Banjo Hangout Logo
Banjo Hangout Logo

Premier Sponsors

801
Banjo Lovers Online


Page: 1  2   Last Page (2) 

Jan 20, 2021 - 8:17:31 AM
likes this

heavy5

USA

1528 posts since 11/3/2016

I've been messing w/ acoustic instruments , mostly banjos , for about 60 yrs & have developed a respect for their care & treatment so when I see inappropriate care someone has done , even unknowingly , it flips me out .
Wife & I enjoy watching Woodsongs on RFD TV when there is some music we enjoy & it's announcer who does a good job & is also a folksinger .
On the last program he was singing as is usual to open the show & playing a gold plated what appeared to be a beautiful custom made open back 5 string .
Half way up the neck between the heel & 5th string peg was screwed into the side of the neck a hardware store screw eye (maybe 1/2" opening) to hold the strap w/ its metal clip on .
Now maybe it wasn't his banjo & he had nothing to w/ the screw eye plus if it is his , he has every right to do to it what he wants .
But it was difficult for me to accept that alteration . Kinda like someone putting mud flaps on their new Porsche 911 .  He ends every show w/ a little talk on his front porch , banjo in hand , which is grossly out of tune . Oh well ,I know , I'm picky !


 

Edited by - heavy5 on 01/20/2021 09:03:41

Jan 20, 2021 - 8:25:57 AM
like this

15088 posts since 12/2/2005

Dollars to donuts that banjo was a long-neck. The long-neck players back during the Great Folk Music Scare of the late 1950s - early 1960s had a penchant for attaching their straps that way.

Jan 20, 2021 - 8:26:54 AM
like this

5955 posts since 9/21/2007

"Folk singer" is the key, he is likely emulating Pete Seeger who did the same upon discovery that his long neck banjo was neck heavy.

Jan 20, 2021 - 8:29:45 AM
like this

5955 posts since 9/21/2007

Yep, complete with capo permanently clamped on the third fret.

 

Jan 20, 2021 - 8:31:53 AM
like this
Players Union Member

Eric A

USA

1044 posts since 10/15/2019
Online Now

Jens Kruger plays very expensive custom Deering banjos, yet on his latest cooking show he stopped picking, set his banjo perched precariously on a kitchen chair, and went and stirred the noodles. I almost died.

Edited by - Eric A on 01/20/2021 08:32:27

Jan 20, 2021 - 8:40:58 AM

heavy5

USA

1528 posts since 11/3/2016

I had one of these Vega Seeger banjos purchased new in the 60's (w/o screw eye) & eventually traded it back to it's original seller for a new D28 which I wish I had kept .

Jan 20, 2021 - 9:25:04 AM
likes this

452 posts since 7/28/2016

Jens Kruger has a cooking show ?

Jan 20, 2021 - 10:13:03 AM
like this

KCJones

USA

1353 posts since 8/30/2012

I think the obsession with keeping things "all original and mint condition", and the focus on "resale value", is a fairly modern one driven by collectors rather than musicians.

If I have a dirt driveway and mud gets on my porsche fenders, I'm gonna put mud flaps on it.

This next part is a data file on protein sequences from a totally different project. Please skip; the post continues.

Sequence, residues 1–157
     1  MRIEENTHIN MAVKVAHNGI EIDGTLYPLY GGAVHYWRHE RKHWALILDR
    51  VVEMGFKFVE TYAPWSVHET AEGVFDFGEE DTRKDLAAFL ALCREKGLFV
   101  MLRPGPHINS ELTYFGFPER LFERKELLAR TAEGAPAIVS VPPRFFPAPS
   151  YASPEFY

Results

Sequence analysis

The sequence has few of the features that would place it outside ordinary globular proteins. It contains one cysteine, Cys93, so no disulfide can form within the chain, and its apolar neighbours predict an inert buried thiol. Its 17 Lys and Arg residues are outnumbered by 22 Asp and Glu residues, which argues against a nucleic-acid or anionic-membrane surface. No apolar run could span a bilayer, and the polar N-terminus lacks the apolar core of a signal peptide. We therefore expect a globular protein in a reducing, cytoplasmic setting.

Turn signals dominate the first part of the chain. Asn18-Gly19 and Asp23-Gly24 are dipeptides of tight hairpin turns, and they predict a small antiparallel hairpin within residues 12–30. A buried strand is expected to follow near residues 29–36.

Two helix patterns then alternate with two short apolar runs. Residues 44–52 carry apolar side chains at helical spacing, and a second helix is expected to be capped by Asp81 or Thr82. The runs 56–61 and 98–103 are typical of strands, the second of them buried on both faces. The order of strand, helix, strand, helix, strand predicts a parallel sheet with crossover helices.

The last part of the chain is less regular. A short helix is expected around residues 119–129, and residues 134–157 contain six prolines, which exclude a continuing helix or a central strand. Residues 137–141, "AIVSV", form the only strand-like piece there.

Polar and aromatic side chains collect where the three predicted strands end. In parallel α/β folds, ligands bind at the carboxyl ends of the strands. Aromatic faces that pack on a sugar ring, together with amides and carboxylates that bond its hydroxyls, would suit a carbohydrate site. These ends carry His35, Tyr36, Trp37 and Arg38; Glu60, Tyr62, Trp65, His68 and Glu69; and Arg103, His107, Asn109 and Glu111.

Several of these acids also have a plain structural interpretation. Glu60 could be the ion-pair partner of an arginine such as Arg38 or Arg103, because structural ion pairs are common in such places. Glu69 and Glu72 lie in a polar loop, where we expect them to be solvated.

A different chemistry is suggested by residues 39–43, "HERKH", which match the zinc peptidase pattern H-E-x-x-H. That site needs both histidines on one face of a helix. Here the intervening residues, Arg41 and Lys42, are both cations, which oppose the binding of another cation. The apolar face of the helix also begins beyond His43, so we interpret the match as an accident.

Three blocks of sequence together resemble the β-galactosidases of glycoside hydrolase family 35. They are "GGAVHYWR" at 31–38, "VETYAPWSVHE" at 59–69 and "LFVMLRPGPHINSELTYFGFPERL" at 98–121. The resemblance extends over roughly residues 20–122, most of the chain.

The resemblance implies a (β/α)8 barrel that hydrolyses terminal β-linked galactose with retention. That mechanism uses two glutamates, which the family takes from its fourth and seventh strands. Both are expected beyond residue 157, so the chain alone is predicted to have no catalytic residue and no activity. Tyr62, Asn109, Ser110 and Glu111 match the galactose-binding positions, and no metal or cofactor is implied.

Jan 20, 2021 - 10:40:56 AM

1417 posts since 10/5/2006

quote:
Originally posted by gbisignani

Jens Kruger has a cooking show ?


https://www.youtube.com/watch?v=TCVLdtIZ4fU

Jan 20, 2021 - 10:54:59 AM
Players Union Member

Eric A

USA

1044 posts since 10/15/2019
Online Now

quote:
Originally posted by gbisignani

Jens Kruger has a cooking show ?


Jens and Uwe do a one hour music show Friday and Saturday nights at 7 eastern, and the cooking show is Sundays, I think 1 eastern.  On Youtube, and the older ones are all on there as well.  Very entertaining.  Those guys are a hoot.

Jan 20, 2021 - 11:28:23 AM

410 posts since 7/20/2013

I mostly agree with you about instrument abuse, Bob, but the guys above are correct about the screw eye. It's a traditional modification; and if Pete did it, it's perfectly acceptable for the rest of us to follow.wink

Jan 20, 2021 - 11:28:31 AM
like this

rcc56

USA

3327 posts since 2/20/2016

quote:Originally posted by KCJonesI think the obsession with keeping things "all original and mint condition", and the focus on "resale value", is a fairly modern one driven by collectors rather than musicians.

If I have a dirt driveway and mud gets on my porsche fenders, I'm gonna put mud flaps on it.

 

There's a lot of truth in this.

As a repair person, I think I can safely say that any fretted instrument that is played will need new frets sooner or later. All Martin guitars will eventually need a new bridge, because the original will split, sooner or later. We all know about "zinc pest" and cracked flanges on the old Mastertones. And every year, more celluloid pickguards on old Gibson mandolins give up the ghost.

And I actually remember a time, very long ago, when an expertly refinished instrument would bring more than a similar one with an original finish in really bad condition. I don't think we'll see that again, though.